Have a Shop NHL.com account? Watch for credit card fraud

Two nights ago someone logged into my Shop NHL account and purchased a $500 gift certificate using the credit card that was on file with my account. The gift card was being sent not to my email address, but to koallatcut@gmail.com.  I found out about this because Shop NHL.com sent me an email at 11:45 PM last night informing me that they were processing my order.

I wasn’t even aware that my credit card was on file with Shop NHL.com. I’ve only made one purchase from the website, and it was a year ago.

It would seem Shop NHL.com is breaking PCI regulations and retaining the credit card security code. I don’t see how the order could have been processed without the security code, commonly referred to as the CVV2 code. To verify this assumption, I went through the process of adding a second credit card to my Shop NHL.com account, and it prompted me for the security code, as well as other information about the credit card.

Have a Shop NHL.com account? Watch for credit card fraud - Bent Corner
Why is Shop NHL.com requesting the security code to when a customer is adding a new card? They’re not allowed to store the security code.

Merchants are allowed to collect and store the credit card number as long as they use tokenization instead of the actual card number. They can store the first four digits and the last four digits, but they have to tokenize the remaining numbers. Credit card companies forbid merchants from having access to the full raw credit card number.

Merchants are allowed to collect and store the credit card expiration date.

What retailers are not allowed to do is collect and store the credit card’s security code. If they’re going to include the security code with the transaction, they’re required to have the card holder manually enter it each time. Otherwise, it defeats the intended purpose of the security code. This code only appears printed on the card. It’s not found in the magnetic strip or the chip. It’s only found printed on the card. Merchants can process a credit card without including the security code, they pay a higher rate when doing so. They also severely limit their chargeback protections when they fail to process e-commerce transactions without a CVV2.

I called Capitol One and reported the fraud. They immediately closed the card and told me they would FedEx me a new one. Their investigation will take anywhere from 30 to 90 days to complete. They returned the $500 to my available credit. Capital One is also sending paperwork for me to fill out. What a pain in the ass, all because Shop NHL.com has lousy security.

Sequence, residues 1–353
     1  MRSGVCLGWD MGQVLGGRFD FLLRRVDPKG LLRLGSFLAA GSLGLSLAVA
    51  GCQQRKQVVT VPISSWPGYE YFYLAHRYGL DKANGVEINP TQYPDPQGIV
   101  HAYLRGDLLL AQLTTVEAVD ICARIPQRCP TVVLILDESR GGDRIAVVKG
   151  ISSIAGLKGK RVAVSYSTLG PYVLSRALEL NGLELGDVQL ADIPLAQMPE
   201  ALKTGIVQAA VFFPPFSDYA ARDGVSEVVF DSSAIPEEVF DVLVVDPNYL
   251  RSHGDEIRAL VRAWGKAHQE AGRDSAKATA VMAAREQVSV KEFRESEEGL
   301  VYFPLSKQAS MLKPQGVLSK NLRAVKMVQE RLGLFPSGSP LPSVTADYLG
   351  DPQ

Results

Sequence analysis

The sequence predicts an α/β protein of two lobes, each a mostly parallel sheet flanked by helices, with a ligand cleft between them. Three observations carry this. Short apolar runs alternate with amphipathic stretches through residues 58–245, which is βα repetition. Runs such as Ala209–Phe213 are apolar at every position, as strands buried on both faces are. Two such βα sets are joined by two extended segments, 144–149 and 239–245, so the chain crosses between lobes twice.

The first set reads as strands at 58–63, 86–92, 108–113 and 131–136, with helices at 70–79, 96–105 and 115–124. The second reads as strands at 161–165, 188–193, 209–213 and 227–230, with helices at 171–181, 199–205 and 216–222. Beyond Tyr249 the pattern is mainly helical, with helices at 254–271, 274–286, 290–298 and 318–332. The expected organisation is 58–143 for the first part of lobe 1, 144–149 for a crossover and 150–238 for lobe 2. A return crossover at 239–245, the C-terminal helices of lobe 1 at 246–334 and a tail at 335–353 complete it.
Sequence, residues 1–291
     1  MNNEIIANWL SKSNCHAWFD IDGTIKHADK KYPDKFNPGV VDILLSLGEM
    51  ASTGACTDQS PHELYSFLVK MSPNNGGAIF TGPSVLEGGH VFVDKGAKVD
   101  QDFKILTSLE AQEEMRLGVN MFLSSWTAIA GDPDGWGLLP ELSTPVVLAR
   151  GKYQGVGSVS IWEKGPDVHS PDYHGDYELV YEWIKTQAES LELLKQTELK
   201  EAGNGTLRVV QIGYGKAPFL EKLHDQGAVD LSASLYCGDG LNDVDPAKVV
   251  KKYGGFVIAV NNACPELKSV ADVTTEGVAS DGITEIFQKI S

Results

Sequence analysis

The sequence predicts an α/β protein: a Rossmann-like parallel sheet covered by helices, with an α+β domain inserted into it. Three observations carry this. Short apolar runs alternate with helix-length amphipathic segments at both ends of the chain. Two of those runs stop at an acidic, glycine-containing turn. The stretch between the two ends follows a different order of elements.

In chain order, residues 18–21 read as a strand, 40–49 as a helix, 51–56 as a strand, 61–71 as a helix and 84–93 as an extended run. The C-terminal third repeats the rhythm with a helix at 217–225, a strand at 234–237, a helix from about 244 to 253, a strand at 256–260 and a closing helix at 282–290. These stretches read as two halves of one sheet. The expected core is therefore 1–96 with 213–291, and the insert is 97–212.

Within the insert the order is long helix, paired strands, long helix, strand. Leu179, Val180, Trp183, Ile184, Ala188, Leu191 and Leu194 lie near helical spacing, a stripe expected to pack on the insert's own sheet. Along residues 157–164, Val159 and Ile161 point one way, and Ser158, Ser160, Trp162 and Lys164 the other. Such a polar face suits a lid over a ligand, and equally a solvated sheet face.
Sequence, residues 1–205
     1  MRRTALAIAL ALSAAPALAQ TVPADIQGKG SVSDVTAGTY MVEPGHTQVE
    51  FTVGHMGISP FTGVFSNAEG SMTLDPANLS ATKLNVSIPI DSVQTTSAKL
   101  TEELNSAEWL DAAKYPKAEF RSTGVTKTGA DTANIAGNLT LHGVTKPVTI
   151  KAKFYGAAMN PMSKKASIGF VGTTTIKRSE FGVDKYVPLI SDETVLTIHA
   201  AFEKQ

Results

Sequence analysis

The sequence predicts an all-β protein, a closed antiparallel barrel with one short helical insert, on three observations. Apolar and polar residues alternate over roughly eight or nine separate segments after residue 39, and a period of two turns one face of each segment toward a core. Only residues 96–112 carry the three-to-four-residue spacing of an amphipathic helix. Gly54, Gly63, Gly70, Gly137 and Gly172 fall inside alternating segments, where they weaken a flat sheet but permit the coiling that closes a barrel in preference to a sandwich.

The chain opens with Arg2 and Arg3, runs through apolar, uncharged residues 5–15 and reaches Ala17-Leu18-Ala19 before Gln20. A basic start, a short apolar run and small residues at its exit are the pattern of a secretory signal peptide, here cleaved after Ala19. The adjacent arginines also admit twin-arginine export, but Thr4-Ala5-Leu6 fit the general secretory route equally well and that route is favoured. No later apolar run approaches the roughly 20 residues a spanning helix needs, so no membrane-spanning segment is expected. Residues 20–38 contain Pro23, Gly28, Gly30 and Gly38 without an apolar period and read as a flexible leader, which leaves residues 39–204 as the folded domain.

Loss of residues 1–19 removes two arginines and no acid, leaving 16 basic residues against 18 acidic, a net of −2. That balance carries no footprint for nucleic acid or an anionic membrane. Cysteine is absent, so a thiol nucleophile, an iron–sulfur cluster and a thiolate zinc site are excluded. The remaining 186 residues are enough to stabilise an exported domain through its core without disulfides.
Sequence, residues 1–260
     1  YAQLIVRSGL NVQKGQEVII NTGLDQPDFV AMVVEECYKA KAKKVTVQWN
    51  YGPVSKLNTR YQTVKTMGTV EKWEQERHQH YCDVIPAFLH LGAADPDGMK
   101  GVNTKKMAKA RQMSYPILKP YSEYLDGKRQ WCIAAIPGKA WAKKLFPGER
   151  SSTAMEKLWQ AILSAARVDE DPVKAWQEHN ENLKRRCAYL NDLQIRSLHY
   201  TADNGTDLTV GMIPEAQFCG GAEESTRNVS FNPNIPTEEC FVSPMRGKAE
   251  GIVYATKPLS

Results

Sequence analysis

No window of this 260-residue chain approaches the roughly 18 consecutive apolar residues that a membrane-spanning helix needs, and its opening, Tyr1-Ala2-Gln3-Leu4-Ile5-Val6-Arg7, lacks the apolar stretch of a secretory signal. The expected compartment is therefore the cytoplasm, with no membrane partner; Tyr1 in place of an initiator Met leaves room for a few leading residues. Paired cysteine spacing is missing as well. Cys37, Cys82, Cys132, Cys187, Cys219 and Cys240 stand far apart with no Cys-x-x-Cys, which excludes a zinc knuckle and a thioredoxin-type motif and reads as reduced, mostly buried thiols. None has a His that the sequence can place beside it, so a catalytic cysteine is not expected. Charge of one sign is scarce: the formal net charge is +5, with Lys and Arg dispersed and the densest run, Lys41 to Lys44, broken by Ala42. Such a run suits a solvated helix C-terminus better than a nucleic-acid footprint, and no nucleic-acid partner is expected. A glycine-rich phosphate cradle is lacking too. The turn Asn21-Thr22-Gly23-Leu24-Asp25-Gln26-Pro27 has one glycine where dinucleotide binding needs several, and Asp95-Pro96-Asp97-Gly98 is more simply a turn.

At the very least, they should have done the following:

  • Require the customer to enter their billing street address and zip code on any purchase that involves digital goods. This information can be presented to the issuing bank along with the request for an authorization and checked to ensure it matches what is on file with the bank. Issuing banks will approve or decline transactions independent of the street address and the zip code matching their records or not, but if the approval message shows that the address or zip code did not match, the transaction can and should be voided by the merchant.
  • Don’t store the credit card security code. Make the cardholder enter it on every purchase. Take advantage of all available security tools provided to them by the credit card industry. E-commerce and other “card not present” transactions are risky enough, especially for digital goods, without utilizing basic security put in place by the credit card industry.
  • Compare the customer’s IP address to the IP address used for prior logins. Make sure the physical location corresponding to the IP address is not significantly different than the billing address on file with the credit card company.
  • Don’t send digital gift cards to an email address other than the one on file for the customer. If I want to bestow a digital gift card to someone else, I’ll send them the digital gift card myself.

These are just the things I was able to come up with off the top of my head.

Not only is Shop NHL.com on the hook for this fraudulent purchase, but they’ll also be forced to pay for the fraud investigation.

Until Shop NHL.com gets its act together, I recommend removing any credit card information from your account and changing your login password.

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